Item #17645 Sample catalogue of Japanese kimono and obi silks. [Japanese title:] Ran Omoteji yoseatsume-cho. Textiles, Japan.
Sample catalogue of Japanese kimono and obi silks. [Japanese title:] Ran Omoteji yoseatsume-cho.
Sample catalogue of Japanese kimono and obi silks. [Japanese title:] Ran Omoteji yoseatsume-cho.
Sample catalogue of Japanese kimono and obi silks. [Japanese title:] Ran Omoteji yoseatsume-cho.

Sample catalogue of Japanese kimono and obi silks. [Japanese title:] Ran Omoteji yoseatsume-cho.

[Kyoto: n.d., ca. 1890]. This unique draper’s showroom catalogue was compiled during the Meiji period (1868 – 1912) to display kimono and obi fabrics. These silks are beautifully decorated in classic Japanese patterns including florals and leaves, geometric designs, and images of birds, dragons, and clouds. With seventy-three mounted silk swatches, including richly embroidered and woven designs (pictorial, geometric, and patterned) in a variety of colors (red, green, blue, silver, and gold). Some of the swatches were dyed using the nagaita ch gata (rice paste resist dyeing) technique. Swatches vary in shape and size from 2 x 1 in. to 9 x 6 in. Some rubbing and wear to covers and slight foxing to a couple leaves. The swatches themselves are clean and bright. Very good. Heavy paper stock album with woven silk overlay to covers. Silk patterned with Noh mask motif in red, black, brown, and gold. Chipped gilt label with manuscript title in black. 9 x 6 in. [12] ff., including wrappers. Item #17645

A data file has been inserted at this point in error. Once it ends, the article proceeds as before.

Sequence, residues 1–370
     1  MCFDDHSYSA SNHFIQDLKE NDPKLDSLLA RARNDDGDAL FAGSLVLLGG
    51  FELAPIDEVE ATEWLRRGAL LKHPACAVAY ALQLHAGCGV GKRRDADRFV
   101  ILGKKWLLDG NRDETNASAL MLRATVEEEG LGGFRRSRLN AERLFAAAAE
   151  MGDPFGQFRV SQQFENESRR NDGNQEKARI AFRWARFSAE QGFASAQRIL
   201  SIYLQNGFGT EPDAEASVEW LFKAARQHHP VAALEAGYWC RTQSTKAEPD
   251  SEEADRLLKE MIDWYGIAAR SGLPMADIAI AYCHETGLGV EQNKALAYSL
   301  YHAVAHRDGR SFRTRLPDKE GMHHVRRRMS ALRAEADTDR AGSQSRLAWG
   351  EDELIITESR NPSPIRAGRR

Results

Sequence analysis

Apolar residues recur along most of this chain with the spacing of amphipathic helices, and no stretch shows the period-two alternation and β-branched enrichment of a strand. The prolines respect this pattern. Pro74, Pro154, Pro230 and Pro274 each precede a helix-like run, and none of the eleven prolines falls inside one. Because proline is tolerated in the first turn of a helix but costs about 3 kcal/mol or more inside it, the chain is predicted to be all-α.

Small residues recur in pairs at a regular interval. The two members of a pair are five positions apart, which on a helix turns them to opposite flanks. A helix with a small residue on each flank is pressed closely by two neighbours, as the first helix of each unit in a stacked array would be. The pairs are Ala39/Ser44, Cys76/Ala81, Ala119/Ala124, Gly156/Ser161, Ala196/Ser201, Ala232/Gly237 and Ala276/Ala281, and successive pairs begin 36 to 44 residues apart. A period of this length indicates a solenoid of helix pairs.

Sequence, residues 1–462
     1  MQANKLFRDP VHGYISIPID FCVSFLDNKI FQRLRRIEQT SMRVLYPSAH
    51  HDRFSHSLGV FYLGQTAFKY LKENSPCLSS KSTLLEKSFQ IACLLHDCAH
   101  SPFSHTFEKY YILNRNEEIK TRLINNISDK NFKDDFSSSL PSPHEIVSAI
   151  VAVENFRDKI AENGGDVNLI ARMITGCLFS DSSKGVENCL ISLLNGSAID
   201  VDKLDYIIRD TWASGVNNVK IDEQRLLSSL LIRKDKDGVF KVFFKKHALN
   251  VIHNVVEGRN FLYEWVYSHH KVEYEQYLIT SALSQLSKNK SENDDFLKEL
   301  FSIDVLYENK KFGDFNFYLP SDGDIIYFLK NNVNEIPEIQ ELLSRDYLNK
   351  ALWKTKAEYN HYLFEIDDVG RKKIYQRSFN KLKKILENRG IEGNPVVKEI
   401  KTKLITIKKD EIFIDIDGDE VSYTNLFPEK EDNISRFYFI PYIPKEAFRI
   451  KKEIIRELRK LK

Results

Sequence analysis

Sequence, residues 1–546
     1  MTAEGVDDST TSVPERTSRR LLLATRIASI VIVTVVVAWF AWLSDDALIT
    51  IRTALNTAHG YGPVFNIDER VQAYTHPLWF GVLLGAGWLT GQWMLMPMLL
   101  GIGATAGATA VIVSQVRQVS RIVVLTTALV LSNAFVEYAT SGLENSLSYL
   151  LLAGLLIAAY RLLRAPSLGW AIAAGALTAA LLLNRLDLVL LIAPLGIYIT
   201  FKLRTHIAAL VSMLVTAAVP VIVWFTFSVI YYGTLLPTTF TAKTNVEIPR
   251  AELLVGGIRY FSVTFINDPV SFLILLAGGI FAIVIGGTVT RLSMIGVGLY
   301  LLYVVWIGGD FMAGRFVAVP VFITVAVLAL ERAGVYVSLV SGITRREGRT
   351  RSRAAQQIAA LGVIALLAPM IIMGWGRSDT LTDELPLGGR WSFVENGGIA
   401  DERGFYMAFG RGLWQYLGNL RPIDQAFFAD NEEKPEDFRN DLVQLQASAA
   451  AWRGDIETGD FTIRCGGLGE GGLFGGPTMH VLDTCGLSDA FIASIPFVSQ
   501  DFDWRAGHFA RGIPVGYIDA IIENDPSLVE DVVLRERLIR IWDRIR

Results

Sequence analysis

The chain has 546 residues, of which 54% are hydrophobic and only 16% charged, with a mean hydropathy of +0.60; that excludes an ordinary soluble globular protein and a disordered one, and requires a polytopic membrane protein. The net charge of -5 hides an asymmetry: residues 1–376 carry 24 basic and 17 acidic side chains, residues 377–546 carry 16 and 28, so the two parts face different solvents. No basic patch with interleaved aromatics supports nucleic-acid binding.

The Meiji period brought rapid globalization and economic expansion to Japan. Feudalism was abolished and, within a generation, governmental reforms resulted in the establishment of an elected parliament, a surge in educational access, and the rapid growth of the industrial sector. In addition, the Japanese economy “opened” to the West again after having been closed to trade for over 250 years. One result of the government’s investment in industry and the reopening of the economy was a boom in textile manufacturing and exporting. Textile manufacturers also began displaying their work at World Expositions in the late nineteenth century, which, essentially, reintroduced the West to the art of fine Japanese textiles.

Japanese art and design fascinated buyers and artists alike, leading to the “japonisme” craze in the West. The Tate Britain website explains that “The rediscovery of Japanese art and design had an almost incalculable effect on Western art. The development of modern painting from impressionism on was profoundly affected by the flatness, brilliant colour, and high degree of stylisation, combined with realist subject matter, of Japanese woodcut prints. Design was similarly affected in as seen in the aesthetic movement and art nouveau.” James Whistler, Christopher Dresser, and William Godwin were all heavily influenced by Japanese aesthetics. Meiji Restoration and Modernization.” Asia for Educators, Columbia University (webpage).“Art Term: Japonisme.” Tate Britain (webpage).

Price: $1,500.00

See all items by ,